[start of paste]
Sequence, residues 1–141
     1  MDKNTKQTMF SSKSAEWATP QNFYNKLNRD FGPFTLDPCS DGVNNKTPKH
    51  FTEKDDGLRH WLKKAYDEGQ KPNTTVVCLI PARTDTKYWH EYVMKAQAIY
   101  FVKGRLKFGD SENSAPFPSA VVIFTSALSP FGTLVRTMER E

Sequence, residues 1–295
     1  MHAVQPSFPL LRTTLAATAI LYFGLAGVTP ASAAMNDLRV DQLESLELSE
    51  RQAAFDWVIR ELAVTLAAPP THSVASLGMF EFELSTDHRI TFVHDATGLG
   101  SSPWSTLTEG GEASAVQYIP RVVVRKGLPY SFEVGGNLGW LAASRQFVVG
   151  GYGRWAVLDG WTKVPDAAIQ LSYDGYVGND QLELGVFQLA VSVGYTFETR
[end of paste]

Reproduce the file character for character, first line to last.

Sequence, residues 1–141
     1  MDKNTKQTMF SSKSAEWATP QNFYNKLNRD FGPFTLDPCS DGVNNKTPKH
    51  FTEKDDGLRH WLKKAYDEGQ KPNTTVVCLI PARTDTKYWH EYVMKAQAIY
   101  FVKGRLKFGD SENSAPFPSA VVIFTSALSP FGTLVRTMER E

Sequence, residues 1–295
     1  MHAVQPSFPL LRTTLAATAI LYFGLAGVTP ASAAMNDLRV DQLESLELSE
    51  RQAAFDWVIR ELAVTLAAPP THSVASLGMF EFELSTDHRI TFVHDATGLG
   101  SSPWSTLTEG GEASAVQYIP RVVVRKGLPY SFEVGGNLGW LAASRQFVVG
   151  GYGRWAVLDG WTKVPDAAIQ LSYDGYVGND QLELGVFQLA VSVGYTFETR